Though the Snake River in Grand Teton National Park does not consist of any whitewater, it is a complex and unpredictable braided river. A strong current, shifting channels, numerous logjams, eddies, and snags all combine to make floating the Snake a challenging proposition.  These obstacles often require floaters to set up maneuvers well in advance, and inexperienced pilots often make maneuvers too late.

A raft hung up on a snag in the Snake River near Bar BC Ranch. National Park Service Photo.
A raft hung up on a snag in the Snake River near Bar BC Ranch. National Park Service Photo.

Rangers have assigned difficulty levels to the various stretches of river in the park. The section from Deadman’s Bar to Moose Landing, where all of the recent incidents have occurred, is rated “advanced.” In all five incidents, the parties involved likely did not possess appropriate skill and experience to be floating an advanced section of river. Good alternative river segments include Pacific Creek Landing to Deadman’s Bar (rated “intermediate”) and Jackson Lake Dam to Pacific Creek Landing (rated “beginner”).

The five incidents fortunately did not result in significant injuries to those involved. However, the incidents did result in several minor injuries, damaged equipment, and in one case a destroyed vessel. The five parties were respectively operating a canoe, a kayak, a raft, and two drift boats. Some of the visitors involved were local residents. In some cases, the parties were able to self-rescue and were floated to safety by rangers. In others, rangers rescued the visitors hung-up on obstructions using swift water rescue techniques. Grand Teton Lodge Company and Triangle X river guides assisted with two of the rescues.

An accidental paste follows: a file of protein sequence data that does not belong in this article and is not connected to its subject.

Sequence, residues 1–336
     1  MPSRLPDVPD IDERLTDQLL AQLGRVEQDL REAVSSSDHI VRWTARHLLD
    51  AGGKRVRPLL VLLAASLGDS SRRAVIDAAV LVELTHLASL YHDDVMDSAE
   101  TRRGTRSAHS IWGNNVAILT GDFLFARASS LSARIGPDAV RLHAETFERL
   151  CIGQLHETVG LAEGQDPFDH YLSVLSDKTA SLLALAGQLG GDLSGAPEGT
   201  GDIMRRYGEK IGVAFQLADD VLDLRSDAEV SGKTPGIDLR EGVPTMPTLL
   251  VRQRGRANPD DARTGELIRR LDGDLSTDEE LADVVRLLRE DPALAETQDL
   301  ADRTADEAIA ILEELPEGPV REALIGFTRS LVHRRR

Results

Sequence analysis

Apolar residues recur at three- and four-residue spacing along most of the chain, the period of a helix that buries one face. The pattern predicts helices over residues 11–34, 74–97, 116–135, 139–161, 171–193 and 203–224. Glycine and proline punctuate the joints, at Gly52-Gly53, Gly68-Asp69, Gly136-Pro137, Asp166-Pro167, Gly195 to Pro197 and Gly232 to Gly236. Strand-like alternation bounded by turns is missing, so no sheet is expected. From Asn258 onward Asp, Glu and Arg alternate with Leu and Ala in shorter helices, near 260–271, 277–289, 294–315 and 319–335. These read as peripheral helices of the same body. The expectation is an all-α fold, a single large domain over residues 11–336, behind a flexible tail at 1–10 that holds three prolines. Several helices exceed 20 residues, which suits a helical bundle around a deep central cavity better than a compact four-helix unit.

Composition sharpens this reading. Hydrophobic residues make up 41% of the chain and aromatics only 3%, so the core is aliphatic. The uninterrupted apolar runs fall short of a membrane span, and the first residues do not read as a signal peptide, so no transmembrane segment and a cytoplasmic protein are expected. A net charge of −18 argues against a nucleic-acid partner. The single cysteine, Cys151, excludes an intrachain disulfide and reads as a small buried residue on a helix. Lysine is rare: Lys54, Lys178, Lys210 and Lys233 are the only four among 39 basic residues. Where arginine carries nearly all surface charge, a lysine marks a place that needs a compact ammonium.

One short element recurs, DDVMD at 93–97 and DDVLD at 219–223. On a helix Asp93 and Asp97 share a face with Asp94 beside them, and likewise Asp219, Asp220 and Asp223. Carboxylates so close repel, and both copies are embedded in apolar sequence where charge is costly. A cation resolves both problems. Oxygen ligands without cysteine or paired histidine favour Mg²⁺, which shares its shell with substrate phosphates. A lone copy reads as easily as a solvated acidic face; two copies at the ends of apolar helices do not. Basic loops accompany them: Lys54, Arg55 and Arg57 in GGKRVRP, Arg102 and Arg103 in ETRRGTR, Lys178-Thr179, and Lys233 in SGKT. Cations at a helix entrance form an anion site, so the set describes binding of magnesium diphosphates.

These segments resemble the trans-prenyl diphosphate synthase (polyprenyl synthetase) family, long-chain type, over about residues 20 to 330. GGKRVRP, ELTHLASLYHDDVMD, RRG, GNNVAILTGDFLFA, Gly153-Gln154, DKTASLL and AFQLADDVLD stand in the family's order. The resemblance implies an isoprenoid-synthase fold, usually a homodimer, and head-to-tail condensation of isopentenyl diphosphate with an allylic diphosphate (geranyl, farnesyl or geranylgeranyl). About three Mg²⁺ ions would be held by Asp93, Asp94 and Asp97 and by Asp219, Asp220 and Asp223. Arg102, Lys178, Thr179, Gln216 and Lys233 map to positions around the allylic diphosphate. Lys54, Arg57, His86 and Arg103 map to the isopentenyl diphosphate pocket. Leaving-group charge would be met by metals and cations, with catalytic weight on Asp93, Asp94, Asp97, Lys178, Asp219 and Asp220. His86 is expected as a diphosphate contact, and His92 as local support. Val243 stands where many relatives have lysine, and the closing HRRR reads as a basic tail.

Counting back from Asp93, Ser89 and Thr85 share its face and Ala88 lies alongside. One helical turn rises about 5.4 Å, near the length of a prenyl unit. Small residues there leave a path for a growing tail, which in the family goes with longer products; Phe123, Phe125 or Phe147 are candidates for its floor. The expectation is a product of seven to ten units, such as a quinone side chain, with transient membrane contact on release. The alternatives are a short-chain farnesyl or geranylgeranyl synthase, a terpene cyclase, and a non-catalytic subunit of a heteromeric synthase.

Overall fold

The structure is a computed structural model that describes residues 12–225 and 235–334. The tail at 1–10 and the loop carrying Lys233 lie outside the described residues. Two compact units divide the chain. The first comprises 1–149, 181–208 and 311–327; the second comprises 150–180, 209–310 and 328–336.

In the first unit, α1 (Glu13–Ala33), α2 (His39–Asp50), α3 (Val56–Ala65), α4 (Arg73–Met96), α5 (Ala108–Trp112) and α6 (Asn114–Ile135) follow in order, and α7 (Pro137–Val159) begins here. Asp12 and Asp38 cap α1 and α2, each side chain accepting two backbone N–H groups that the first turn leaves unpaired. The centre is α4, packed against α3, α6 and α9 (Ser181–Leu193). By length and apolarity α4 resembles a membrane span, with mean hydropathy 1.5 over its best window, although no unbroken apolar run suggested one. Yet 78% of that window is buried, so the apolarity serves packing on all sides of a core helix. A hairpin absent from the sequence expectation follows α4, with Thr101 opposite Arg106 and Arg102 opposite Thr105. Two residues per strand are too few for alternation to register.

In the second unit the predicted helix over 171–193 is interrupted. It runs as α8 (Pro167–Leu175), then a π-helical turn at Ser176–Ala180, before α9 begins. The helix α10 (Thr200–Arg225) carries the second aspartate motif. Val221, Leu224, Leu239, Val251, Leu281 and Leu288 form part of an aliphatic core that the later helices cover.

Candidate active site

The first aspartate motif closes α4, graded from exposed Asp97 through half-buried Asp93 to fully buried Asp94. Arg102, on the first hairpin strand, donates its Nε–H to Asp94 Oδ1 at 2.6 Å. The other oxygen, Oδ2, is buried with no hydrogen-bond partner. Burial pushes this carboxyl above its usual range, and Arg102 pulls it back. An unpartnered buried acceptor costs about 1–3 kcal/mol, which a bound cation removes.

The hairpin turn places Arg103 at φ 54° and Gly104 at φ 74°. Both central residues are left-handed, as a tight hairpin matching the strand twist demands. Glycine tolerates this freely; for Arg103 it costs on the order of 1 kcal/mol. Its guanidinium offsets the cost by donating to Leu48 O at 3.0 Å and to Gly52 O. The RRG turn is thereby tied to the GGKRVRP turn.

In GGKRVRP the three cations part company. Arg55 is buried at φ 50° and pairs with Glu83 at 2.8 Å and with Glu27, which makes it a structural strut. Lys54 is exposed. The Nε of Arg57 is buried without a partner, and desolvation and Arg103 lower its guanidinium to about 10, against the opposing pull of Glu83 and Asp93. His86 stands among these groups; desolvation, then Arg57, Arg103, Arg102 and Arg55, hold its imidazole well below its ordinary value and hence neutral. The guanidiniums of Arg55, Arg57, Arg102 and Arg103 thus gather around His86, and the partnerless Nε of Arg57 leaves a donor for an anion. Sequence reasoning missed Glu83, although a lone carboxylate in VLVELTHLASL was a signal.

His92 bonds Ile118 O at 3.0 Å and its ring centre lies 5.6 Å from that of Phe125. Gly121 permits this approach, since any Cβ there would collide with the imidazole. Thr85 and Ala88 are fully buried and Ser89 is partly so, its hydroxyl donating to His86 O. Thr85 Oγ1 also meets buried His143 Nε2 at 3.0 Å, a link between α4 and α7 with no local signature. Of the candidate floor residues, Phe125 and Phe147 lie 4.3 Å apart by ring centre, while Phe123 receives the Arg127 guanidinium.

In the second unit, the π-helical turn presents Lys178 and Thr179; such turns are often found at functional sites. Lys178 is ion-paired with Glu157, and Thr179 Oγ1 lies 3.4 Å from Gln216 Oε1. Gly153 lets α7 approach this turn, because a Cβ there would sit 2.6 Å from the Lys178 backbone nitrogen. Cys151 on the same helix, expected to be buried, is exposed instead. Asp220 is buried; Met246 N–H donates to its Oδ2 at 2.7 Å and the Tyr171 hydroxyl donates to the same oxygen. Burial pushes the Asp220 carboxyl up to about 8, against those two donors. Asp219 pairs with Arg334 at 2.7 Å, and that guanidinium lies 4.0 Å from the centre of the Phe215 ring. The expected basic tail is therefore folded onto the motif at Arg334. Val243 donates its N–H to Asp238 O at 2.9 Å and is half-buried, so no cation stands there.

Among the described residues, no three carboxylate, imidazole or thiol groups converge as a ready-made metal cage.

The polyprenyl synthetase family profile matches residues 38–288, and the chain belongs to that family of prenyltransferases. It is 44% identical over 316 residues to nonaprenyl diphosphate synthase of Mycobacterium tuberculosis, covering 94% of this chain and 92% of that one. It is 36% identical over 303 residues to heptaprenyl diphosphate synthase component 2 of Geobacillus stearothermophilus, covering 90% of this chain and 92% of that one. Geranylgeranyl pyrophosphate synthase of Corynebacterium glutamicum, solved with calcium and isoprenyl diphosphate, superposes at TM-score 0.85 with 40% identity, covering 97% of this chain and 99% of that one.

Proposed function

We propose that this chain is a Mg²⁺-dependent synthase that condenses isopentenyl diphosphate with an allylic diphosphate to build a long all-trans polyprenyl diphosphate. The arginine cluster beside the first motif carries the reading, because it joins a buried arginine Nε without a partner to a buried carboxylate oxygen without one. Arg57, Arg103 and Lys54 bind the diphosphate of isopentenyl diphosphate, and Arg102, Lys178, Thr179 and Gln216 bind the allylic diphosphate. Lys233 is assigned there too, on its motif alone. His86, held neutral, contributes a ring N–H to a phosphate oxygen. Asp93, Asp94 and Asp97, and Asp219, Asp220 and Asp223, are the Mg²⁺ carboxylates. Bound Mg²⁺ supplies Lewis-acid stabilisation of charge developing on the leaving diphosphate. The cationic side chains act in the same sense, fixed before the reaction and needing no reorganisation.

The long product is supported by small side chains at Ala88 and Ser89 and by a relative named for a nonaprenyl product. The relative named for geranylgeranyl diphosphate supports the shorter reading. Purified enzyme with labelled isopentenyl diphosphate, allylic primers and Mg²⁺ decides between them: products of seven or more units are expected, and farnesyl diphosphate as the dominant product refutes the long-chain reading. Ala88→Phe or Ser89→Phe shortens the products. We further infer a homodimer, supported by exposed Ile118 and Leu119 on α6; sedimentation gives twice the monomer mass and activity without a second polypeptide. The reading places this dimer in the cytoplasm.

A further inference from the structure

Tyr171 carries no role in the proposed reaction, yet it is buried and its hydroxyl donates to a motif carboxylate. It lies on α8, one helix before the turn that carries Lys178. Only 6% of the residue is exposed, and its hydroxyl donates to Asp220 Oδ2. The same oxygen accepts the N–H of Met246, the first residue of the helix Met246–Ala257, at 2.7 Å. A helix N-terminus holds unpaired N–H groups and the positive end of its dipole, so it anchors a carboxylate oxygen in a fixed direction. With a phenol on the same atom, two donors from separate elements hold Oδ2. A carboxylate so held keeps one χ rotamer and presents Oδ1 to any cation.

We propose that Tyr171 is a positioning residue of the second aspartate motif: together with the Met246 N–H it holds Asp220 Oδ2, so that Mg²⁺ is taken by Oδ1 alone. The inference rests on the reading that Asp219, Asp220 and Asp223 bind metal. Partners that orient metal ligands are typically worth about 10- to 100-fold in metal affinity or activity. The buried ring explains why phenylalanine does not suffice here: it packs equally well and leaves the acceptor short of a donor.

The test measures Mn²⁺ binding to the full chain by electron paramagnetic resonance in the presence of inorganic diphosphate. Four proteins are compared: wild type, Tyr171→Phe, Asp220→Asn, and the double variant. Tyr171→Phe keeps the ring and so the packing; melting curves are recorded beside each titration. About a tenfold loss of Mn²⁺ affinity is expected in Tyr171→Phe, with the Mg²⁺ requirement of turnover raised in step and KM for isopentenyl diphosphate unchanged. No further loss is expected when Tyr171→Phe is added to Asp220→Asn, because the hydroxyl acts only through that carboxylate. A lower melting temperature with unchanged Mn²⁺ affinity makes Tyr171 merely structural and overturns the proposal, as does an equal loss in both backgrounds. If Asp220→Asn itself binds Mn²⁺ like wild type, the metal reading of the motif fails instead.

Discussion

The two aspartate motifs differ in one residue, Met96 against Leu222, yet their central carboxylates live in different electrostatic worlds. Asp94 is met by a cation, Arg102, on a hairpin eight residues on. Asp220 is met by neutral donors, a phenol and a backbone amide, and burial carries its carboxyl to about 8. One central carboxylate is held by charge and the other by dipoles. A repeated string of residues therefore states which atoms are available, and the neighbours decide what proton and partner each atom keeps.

Rangers urge all visitors planning to float the Snake River to select their river segment based on an accurate assessment of their group’s ability level. River information can be obtained at all park visitor centers. Both a park boat permit and a State of Wyoming Aquatic Invasive Species (AIS) decal are required before launching on any park waters. Additionally, all watercraft entering the park are subject to an AIS inspection when checkpoints are operating.

Downtown Rock Springs – Blues & Brews and Art Work!

11267881_1589820901297099_8010607675883093466_n

Create art to color the pedestrian underpass in
Downtown Rock Springs

 Rock Springs, WY –  The Rock Springs Main Street/Urban Renewal Agency is pleased to announce the Art Underground Gallery, an exciting new project designed to bring life, color and art to the pedestrian underpass in Downtown Rock Springs.  The gallery is also meant encourage the community to get involved in adding color and creativity to our public spaces. Residents of all ages are invited to create an individual mural that will be displayed in the underpass, semi-permanently.

A limited number of primed canvases (2’ by 4’ plywood) are available for the community to pick up, free of charge.  They can be picked up from the Rock Springs Main Street/URA office at 603 S Main Street in Downtown Rock Springs.   Completed canvases should be returned to the Rock Springs Main Street/URA office by September 1, 2015.  Because there are a limited number of canvases, they are available on a first come, first served basis.  Once all canvases have been given out, we can no longer accept entries.

Print

Guidelines for murals:

  • All artwork must be the artist’s individual work in design and execution.
  • Work must be able to withstand outdoor display; two coats of marine grade primer are highly recommended.
  • Work must be suitable for all ages.
  • Committee has the right to determine the suitability of work.
  • All mediums and themes are welcome.
  • Canvases will be displayed in the pedestrian underpass which can be somewhat dark so artists are encouraged to created pieces that are bright and colorful.